If there is a Reinhardt cardinal, then there is one universe? [closed]

If there is a nontrivial elementary embedding $j:V \to V$, then there is a universe which contains all the large cardinals.

Is there such a universe? Does this imply there is one universe from which we force as many extensions as possible?

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closed as unclear what you're asking by Andres Caicedo, Bjørn Kjos-Hanssen, Neil Strickland, j.c., Stefan KohlFeb 13 at 10:22

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I'm not quite sure I understand the question. Could you elaborate? –  Noah S Feb 13 at 3:07
Erin, I don't really understand the question. Can you explain it more precisely? –  Joel David Hamkins Feb 13 at 3:58
It seems to somehow relate to the HOD conjecture and Woodin's Ultimate L, perhaps? –  Asaf Karagila Feb 13 at 5:05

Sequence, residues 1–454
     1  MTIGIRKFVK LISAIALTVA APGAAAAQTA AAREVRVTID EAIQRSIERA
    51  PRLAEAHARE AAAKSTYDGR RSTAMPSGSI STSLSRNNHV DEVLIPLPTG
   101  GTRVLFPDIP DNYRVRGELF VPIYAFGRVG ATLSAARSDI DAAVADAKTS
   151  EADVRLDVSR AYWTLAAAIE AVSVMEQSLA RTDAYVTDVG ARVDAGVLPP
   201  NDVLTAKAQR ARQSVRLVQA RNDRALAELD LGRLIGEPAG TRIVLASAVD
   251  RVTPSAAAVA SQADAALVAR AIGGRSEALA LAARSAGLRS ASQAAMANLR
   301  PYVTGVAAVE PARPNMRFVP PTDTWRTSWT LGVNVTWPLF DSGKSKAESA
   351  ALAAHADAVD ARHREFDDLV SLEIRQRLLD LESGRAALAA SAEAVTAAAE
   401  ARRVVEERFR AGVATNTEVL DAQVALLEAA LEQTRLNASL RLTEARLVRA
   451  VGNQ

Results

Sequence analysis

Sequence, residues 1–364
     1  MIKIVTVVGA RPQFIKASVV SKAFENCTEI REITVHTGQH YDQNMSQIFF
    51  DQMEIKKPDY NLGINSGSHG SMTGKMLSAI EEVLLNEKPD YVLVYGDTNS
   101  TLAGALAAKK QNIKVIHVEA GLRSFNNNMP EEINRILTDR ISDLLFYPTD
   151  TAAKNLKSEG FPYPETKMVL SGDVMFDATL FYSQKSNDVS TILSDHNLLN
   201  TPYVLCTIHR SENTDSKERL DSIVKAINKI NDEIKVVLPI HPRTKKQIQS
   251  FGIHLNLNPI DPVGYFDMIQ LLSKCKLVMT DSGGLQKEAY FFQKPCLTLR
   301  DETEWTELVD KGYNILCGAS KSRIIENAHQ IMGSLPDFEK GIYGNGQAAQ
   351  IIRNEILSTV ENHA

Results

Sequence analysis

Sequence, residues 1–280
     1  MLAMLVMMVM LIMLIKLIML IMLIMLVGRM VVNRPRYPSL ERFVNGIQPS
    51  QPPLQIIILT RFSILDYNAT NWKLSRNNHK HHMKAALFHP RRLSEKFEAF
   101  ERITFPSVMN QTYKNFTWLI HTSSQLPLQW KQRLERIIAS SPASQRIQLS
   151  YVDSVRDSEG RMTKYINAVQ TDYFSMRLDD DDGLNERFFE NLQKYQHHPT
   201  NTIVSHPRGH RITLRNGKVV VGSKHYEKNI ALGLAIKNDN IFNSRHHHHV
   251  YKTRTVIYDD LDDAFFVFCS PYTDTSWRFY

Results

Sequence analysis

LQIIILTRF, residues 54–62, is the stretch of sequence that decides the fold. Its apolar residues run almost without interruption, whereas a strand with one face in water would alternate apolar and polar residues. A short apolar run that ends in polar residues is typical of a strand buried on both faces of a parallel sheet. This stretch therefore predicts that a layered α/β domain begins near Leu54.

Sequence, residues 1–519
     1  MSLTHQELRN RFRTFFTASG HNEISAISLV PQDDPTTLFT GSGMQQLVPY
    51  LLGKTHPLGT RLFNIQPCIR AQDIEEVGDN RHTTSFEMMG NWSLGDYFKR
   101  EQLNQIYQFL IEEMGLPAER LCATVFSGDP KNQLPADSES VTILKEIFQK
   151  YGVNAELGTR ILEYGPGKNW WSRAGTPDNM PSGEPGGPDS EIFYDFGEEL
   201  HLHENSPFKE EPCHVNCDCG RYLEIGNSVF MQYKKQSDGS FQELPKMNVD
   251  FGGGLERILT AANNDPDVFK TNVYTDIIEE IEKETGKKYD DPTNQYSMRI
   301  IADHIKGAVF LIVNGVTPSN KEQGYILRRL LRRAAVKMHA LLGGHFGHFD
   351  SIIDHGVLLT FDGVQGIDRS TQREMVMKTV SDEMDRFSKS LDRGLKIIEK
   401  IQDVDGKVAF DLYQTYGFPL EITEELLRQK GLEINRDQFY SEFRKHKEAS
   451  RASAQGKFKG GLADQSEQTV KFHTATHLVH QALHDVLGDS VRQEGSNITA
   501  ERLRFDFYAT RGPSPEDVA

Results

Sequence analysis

There are no Reinhardt cardinals, so the question as written makes no sense. If the question is over $\mathsf{ZF}$, it is expected that the hierarchy of large cardinals can be continued further past this assumption, so the answer is no. If you mean something else, such as the existence of a non-amenable embedding (as in Corazza's wholeness axiom), the answer is again no. I suspect that either there is some confusion on your part, or else the question needs serious editing to turn into what you are really after. –  Andres Caicedo Feb 13 at 6:23
Ah, I think the question might be the following: is there a (consistent) strongest large cardinal notion, one which when realized in a model causes all the others also to be realized there? I would argue that the answer is no, since for any large cardinal property $P$, we can form the axiom "$P$ holds in some rank initial segment $V_\kappa$," which will be a strictly stronger large cardinal property, of a commonly considered and acceptable type. (Of course, one could also just say $\text{Con}(\text{ZFC}+P)$, which is also stronger.) In this sense, the large cardinal hierarchy has no top. –  Joel David Hamkins Feb 13 at 13:35